My Ratings: Moral rating: Good / Moviemaking quality: 5
—Terri Dee, age 60 (USA)
Positive—I found the movie to be very sweet and endearing. No hidden agendas or subliminal messages that Disney usually adds. Was this really a Disney movie?!! It was refreshing. Love wins. I enjoyed the witty and humorous dialog. Beautiful scenery. The encouraging of positive relationships. A great movie. A lovely movie to take the family of all ages too. I will see it again and again! I know we are to give secular movies a notch below for not mentioning our Lord and Savior Jesus. But, I just found this movie to be excellent.
My Ratings: Moral rating: Excellent! / Moviemaking quality: 5
—Louise, age 50 (USA)
Positive—I loved this movie; it made me smile. The first part was a little too sad for children and slow. The father goes off to war, and there were some war scenes—a little too much for small children. A child about 5 in front of us lost interest completely and played the whole time with her back to the screen. Some older kids liked it; I could hear them laughing at the funny scenes.

The cast was great especially Winnie the Pooh and Eeyore they were sweet and the rest of the crew just made you want to hug them. I didn’t hear any swearing or remarks about God. The scenery was pretty, fog and all. The daughter was sweet; the mom was caring. They had some hard moments, but it has a happy ending, and we could use some happy endings these days. It was nice to sit through a movie and not cringe.
My Ratings: Moral rating: Good / Moviemaking quality: 4½
—Sharon Ulstad, age 58 (USA)
Positive—I left the theater with a smile on my face and it made my heart happy. Not many movies affect you like that even after it’s over.
My Ratings: Moral rating: Good / Moviemaking quality: 5
—Arielle, age 30 (USA)
Positive—Is this movie one of the best Disney movies you’ve ever seen? Well, it depends on what you mean by “best.” Due to the movie’s slow pace and dreariness, with the emotional addition of it’s depressed characters, one might almost say that this is not one of Disney’s best films. But if you allow yourself to exist, for a moment, apart from everything fast-paced in our modern society and let the ambiance of this movie envelop your imagination, certain things about it will begin to make an impression.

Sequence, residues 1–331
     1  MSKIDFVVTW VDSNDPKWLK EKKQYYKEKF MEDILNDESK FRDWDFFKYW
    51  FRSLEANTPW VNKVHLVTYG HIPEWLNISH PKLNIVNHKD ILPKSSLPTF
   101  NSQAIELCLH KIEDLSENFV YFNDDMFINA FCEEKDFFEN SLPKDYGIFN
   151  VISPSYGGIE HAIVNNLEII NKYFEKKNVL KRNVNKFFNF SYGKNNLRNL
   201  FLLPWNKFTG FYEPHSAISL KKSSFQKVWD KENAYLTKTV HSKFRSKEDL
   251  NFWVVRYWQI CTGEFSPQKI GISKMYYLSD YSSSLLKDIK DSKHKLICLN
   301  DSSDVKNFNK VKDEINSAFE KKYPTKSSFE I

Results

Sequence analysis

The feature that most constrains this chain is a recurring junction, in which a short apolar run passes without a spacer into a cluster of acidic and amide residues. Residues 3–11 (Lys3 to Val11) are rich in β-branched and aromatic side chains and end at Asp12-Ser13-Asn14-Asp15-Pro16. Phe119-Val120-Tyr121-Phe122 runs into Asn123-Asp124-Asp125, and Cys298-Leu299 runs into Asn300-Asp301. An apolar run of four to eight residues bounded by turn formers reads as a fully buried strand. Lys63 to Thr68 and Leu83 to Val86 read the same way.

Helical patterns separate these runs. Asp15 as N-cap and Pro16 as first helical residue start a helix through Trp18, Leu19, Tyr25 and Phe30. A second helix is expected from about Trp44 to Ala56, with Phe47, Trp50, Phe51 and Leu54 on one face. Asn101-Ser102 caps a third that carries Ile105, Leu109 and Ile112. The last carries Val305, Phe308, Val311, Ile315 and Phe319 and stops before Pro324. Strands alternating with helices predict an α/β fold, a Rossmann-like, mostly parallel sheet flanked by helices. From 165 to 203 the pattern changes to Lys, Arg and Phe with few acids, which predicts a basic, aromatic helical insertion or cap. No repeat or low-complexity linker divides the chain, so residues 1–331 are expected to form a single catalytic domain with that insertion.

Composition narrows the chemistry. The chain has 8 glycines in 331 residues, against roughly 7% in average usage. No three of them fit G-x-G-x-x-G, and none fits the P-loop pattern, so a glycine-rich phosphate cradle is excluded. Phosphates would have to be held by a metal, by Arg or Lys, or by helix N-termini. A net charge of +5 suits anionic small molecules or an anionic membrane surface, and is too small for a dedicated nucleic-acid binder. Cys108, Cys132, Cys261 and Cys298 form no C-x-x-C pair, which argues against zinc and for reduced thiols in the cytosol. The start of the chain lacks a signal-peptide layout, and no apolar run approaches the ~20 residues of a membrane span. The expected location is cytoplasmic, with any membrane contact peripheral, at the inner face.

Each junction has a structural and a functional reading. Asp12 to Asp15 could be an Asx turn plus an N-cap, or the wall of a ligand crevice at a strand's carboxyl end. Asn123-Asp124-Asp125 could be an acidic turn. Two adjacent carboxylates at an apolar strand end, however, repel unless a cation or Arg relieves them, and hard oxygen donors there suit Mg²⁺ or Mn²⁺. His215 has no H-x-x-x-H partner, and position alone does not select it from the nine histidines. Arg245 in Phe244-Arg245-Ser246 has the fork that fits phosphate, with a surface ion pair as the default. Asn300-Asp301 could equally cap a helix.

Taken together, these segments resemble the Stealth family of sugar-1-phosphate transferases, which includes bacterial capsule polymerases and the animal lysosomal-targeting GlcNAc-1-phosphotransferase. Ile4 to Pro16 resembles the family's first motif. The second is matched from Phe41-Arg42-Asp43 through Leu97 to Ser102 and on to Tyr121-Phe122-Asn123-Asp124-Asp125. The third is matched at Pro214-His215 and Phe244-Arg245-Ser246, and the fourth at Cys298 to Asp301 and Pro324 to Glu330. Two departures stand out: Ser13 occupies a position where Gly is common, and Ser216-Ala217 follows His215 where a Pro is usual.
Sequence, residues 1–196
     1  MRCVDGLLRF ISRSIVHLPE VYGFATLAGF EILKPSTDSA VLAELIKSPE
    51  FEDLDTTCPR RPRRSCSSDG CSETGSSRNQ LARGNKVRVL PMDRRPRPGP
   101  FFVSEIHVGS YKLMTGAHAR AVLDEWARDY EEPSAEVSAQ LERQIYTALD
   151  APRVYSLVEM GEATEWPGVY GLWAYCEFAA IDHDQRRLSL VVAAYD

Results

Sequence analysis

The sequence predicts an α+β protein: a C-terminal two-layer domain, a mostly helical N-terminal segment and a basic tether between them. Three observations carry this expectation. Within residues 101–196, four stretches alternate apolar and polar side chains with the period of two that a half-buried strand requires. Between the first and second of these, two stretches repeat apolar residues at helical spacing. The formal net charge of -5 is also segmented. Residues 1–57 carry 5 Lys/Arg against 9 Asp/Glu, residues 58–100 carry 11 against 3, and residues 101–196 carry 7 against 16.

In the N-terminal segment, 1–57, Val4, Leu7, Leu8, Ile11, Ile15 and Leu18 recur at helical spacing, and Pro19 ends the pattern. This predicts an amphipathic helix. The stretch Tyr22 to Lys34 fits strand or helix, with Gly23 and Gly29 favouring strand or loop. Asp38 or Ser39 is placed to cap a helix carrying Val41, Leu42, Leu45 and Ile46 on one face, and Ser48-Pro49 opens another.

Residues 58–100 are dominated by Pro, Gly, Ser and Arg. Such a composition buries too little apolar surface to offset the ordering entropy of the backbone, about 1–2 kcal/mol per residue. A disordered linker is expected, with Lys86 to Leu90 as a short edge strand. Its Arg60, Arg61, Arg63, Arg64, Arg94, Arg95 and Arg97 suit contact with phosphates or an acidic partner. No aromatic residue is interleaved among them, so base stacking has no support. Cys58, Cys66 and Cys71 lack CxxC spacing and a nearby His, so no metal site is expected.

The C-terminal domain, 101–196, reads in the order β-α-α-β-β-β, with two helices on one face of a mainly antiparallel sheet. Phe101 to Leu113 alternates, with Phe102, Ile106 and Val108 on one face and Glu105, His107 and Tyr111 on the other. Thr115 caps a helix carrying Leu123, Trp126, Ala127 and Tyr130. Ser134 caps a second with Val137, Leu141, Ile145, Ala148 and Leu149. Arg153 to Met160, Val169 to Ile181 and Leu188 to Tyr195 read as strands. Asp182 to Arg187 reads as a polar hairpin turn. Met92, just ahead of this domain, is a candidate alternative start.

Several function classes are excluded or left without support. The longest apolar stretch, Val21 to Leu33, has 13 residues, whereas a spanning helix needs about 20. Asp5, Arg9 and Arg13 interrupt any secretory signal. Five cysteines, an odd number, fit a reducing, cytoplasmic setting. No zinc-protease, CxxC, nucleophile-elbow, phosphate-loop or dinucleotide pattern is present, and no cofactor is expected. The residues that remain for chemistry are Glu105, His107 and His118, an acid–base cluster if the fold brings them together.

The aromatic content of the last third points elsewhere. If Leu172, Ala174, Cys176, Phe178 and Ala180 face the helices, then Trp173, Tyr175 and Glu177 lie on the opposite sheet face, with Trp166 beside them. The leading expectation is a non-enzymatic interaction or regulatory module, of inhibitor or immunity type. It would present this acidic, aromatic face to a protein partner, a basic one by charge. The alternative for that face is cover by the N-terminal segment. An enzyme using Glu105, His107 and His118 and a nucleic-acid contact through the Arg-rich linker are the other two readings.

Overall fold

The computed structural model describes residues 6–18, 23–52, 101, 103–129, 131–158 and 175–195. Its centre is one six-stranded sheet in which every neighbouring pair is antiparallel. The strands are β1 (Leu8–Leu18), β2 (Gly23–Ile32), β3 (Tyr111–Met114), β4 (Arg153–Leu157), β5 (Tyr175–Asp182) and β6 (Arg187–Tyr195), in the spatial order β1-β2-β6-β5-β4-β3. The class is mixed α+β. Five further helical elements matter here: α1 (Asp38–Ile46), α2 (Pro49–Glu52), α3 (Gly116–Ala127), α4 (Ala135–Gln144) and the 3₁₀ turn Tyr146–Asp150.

This movie is definitely not about cheerful adventures… but then again, was Winnie the Pooh ever sickeningly sweet when we read it as children? Not exactly… well, maybe for Pooh, in one of his adventures with the bees. But otherwise, these dozen or so stories of Winnie the Pooh and Co. Where not aimed at being a mechanism for the distraction of children so that their parents could maintain a certain level of sanity. Far from it. So, if not about occupying children in an infantile manner… what is Christopher Robin all about anyway? See all »
My Ratings: Moral rating: Excellent! / Moviemaking quality: 5
—Luke, age 35 (USA)
Negative
Negative—For me, Disney’s Christopher Robin was not the best movie or adaptation of Winnie the Pooh. While there is very little that is offensive in it, the pacing and the atmosphere were terribly executed. The movie drags on too long with Christopher Robin’s stress and anger, the Hundred Acre Wood is foggy and dreary half the time, and the sunshine and laughs (which Winnie the Pooh is about) are rushed.

Yes, we all need a reminder that even a saved soul can have a dark phase in life (Noah’s drunkenness, David’s adultery and murder, Jacob deceiving his father, Peter’s cowardice, John’s angel worship, etc.), especially with the reminder of God’s discipline, forgiveness, and love for his children. Wow, Robin does eventually remember what really matters (his family and friends); the movie dwells too much on the sad stuff and rushes the humor and happiness.
My Ratings: Moral rating: Better than Average / Moviemaking quality: 3
—Peter, age 28 (USA)